The Whitworth Rifle,
Made in Britain in the 1850’s and 60’s, the Whitworth Rifle was one of the first long range rifles in history. First introduced in 1860, Queen Elizabeth fired its first shot, striking 1 and 1/4 inches below the bullseye (although the rifle was locked into a rest and sighted to hit the target, Queen Victoria needed to only pull the trigger). The Whitworth had a very odd design for its day, from the outside it looked like any other percussion rifle, but the inside of the bore told a different story.
Incredibly, the bore of the Whitworth was shaped like a hexagon. Further more it used a .451 caliber bullet that was long and featured hexagonal shaped rifling. This bore design combined with its strange projectile caused it to have phenomenal accuracy and range for its time, imparting a high degree of spin greater than any other muzzleloading rifles of the day and giving it an effective range of 800-1000 yards. However, this design tending to cause more than usual fowling in the barrel, a flaw that caused it to be rejected by the British Army.
The Whitworth did find some buyers with the French Army, but when the United States fell into Civil War in 1861, the Whitworth would find its favorite client. The Whitworth became the rifle of choice for Confederate sharpshooters. In the hands of the Confederates, the Whitworth became one of the first sniper rifles to use a scope, typically mounted on the left hand side of the rifle. However, most Confederate sharpshooters, lacking resources and technology, had to make do with the original iron sights of the rifle. Regardless the Whitworth was still used to deadly effect. At the Battle of Spotsylvania Couthouse in 1864, Union General John Sedgewick scolded his men for taking cover in a ditch when Confederate sharpshooters were over 800 yards away. Reportedly his last words were, “What? Men dodging this way for single bullets? What will you do when they open fire along the whole line? I am ashamed of you. They couldn’t hit an elephant at this distance.” Seconds later he was struck in the skull with a bullet from a Confederate Whitworth rifle, which killed him instantly.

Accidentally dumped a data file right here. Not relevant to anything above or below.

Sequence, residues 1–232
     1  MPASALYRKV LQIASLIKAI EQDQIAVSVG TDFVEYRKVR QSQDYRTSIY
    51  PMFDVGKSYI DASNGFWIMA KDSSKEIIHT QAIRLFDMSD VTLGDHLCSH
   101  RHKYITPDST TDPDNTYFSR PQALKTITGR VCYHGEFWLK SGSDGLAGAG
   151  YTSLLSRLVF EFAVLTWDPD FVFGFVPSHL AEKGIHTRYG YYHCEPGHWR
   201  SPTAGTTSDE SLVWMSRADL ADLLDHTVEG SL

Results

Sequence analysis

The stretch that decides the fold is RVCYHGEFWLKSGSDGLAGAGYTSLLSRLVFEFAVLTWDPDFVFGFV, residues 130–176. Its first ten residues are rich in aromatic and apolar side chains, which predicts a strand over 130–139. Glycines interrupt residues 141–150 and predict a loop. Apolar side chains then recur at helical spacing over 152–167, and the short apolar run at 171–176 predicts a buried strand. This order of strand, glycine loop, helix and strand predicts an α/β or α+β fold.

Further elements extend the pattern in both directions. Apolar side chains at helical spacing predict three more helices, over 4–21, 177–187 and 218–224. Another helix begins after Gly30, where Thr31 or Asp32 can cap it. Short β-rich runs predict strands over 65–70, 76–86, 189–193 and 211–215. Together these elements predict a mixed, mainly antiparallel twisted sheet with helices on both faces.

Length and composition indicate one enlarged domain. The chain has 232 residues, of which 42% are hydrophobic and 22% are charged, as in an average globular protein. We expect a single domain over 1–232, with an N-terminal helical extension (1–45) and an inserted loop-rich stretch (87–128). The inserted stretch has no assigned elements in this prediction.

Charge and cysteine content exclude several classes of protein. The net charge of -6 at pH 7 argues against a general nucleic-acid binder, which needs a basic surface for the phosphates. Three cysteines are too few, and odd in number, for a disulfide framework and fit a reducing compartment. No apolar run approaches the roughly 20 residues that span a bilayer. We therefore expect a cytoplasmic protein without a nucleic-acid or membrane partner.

Production of the Whitworth ended in 1865 as clientele for the rifle dried up. Around 13,400 were produced. Today many companies make reproduction Whitworth’s for Civil War reenactors and target shooters.